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  HOME | Brazil (Click here for more)

Justice Still Not Done 4 Years after Brazil Mining Tragedy

SAO PAULO – The day of Nov. 5, 2015 changed forever the lives of the Krenak indigenous people living along the Doce River – the collapse of two dams built to contain mine tailings plunged them and thousands of other Brazilians into a state of depression that continues to this day.

Four years after the tragedy at the Samarco complex in Mariana, Minas Gerais state, most indemnities have not yet been paid and not one of the people responsible has been convicted of a crime.

The failure of the dams allowed a flood of mud and mine waste that wiped out seven hamlets and contaminated a 650-kilometer (405-mile) stretch of the Doce River. Nineteen people perished and nearly 400 families were left homeless.

Indigenous leader Ailton Krenak, 66, told EFE that from the window of his home he can still see remains of the toxic waste that came pouring out with the collapse of the Samarco dam, a 50-50 joint venture of Brazilian mining giant Vale and Anglo-Australian mining titan BHP Billiton.

“Those who didn’t die lost everything,” he says.

The entire economy that revolved around the Doce River, polluted all the way to its estuary on the Atlantic Ocean, is completely paralyzed, and the affected inhabitants of Minas Gerais and the neighboring state of Espirito Santo still suffer from the catastrophe every day.

They also continue waiting for justice to be done and are far from satisfied with the repairs started by the Renew Foundation, a private organization created to repair the damage done.

At the same time, the Environmental Policy Council of Minas Gerais authorized Samarco last month to resume its activities in Mariana.

The toxic flood from the broken dams swamped the Krenak hamlet, home to 136 indigenous families and located at some 400 km (250 mi) from the catastrophe’s epicenter.

Their lives revolve around the Doce River, which they call “grandpa.” They were accustomed to sing to it, perform rituals in its waters and generally live off of it.

“There was a terrible breakdown in our life, our daily life,” Ailton said.

“When one lives through the experience of being in front of that mudflow, it’s a huge trauma. I think that we, thousands of people in the Doce River basin, are still caught in the nightmare of that avalanche of mud,” he said.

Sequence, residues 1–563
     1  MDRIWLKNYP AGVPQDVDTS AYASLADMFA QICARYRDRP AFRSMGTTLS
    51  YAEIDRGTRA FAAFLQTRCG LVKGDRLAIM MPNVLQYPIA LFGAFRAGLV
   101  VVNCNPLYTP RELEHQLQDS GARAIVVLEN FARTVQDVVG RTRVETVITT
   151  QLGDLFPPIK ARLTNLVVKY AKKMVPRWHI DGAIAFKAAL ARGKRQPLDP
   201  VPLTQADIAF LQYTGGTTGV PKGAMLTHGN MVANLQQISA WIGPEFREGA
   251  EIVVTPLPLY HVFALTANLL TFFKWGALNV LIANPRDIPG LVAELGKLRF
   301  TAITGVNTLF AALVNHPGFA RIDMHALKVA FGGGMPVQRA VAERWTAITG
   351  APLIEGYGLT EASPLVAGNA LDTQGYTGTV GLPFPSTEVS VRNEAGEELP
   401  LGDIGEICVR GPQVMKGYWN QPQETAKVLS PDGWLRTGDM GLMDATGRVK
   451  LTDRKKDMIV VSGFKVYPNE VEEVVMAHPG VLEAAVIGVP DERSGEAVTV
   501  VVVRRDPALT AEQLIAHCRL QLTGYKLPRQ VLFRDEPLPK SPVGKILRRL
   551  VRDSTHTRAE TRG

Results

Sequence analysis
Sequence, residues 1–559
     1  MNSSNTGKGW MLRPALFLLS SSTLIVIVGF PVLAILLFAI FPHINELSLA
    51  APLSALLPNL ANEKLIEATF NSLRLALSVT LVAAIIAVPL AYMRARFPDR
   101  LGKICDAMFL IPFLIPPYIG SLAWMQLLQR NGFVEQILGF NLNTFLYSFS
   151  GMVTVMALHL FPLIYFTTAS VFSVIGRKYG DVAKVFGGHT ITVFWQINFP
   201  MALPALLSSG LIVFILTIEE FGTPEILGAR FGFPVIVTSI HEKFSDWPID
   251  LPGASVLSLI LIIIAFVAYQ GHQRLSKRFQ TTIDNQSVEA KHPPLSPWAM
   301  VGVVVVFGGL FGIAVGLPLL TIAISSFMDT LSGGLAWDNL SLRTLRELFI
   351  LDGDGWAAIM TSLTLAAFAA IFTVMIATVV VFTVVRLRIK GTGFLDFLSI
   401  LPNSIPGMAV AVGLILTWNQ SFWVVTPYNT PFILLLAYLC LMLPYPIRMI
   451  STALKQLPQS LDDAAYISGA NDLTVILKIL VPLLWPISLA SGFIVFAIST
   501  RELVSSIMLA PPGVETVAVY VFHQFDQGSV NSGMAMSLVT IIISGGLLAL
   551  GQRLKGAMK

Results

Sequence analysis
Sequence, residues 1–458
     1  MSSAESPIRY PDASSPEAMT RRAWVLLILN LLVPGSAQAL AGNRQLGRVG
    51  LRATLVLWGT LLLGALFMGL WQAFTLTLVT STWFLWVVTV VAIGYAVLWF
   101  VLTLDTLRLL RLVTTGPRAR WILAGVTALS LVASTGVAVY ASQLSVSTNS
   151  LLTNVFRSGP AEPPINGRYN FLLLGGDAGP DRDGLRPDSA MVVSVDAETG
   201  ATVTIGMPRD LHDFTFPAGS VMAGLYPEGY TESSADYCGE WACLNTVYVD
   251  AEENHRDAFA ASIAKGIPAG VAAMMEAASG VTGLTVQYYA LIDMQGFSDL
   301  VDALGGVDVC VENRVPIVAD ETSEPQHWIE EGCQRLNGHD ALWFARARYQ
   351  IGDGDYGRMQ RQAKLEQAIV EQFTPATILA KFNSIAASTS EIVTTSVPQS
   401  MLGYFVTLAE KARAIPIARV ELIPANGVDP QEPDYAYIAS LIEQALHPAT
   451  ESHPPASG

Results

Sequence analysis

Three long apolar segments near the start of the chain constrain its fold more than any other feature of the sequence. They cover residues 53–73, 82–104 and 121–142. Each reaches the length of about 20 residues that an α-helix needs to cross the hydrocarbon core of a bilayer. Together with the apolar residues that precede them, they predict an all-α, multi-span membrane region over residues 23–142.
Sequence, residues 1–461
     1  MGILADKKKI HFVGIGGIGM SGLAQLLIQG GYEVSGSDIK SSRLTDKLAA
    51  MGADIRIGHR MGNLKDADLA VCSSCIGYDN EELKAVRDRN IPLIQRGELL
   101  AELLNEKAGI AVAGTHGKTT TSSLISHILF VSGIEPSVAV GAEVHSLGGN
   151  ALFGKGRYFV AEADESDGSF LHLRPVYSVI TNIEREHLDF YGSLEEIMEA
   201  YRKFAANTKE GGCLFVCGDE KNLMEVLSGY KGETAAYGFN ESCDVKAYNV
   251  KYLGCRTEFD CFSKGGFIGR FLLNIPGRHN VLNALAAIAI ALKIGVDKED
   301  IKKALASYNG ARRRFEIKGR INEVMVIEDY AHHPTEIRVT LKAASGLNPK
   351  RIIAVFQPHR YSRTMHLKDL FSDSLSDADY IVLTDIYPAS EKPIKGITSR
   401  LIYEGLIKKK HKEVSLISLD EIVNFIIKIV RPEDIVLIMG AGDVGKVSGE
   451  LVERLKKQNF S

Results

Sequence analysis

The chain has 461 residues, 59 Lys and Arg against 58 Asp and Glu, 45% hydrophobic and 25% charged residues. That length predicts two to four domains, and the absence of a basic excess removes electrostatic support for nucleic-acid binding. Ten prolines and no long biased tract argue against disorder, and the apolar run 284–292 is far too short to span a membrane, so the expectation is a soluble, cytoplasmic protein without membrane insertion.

He added that when it rains in the region, the residue left on the riverbanks returns to its course, renewing the drama once more.

The Brazilian Attorney General’s Office estimates the total number of people affected by the tragedy at around 700,000. The Renew Foundation told EFE that as of last August, some 320,000 people had received “indemnities and emergency financial aid” for a value of 1.84 billion reais ($460 million).

The foundation also said that 6.68 billion reais ($1.67 billion) have been set aside for environmental and economic recovery and compensation for the Doce River basin, and for looking after the indigenous population.

Nonetheless, a study released this year by the National Health Agency (Anvisa) proved the existence of mercury and lead in the river’s fish in an amount greater than they could tolerate.

At the same time, the reconstruction of towns wiped out is underway, though with same sort of delays as there is in seeing justice done.

There are no plans for a court trial. In 2016 a score of people were accused, but 13 of them were excluded from the process.

A court this year even dropped the charges of homicide and bodily injury from the case, so the accused will now only be charged with environmental crimes.

With the Mariana case still to be resolved, a similar tragedy, though much more deadly, occurred this year in Brumadinho, Minas Gerais.

On Jan. 25, another Vale mining dam broke down and another avalanche of mud, water and mineral waste destroyed everything in its path.

The partial toll, since the search still goes on, is 252 dead and 18 missing.

Mines and Energy Minister Bento Albuquerque said last May that “there is not one safe dam” in Brazil.

 

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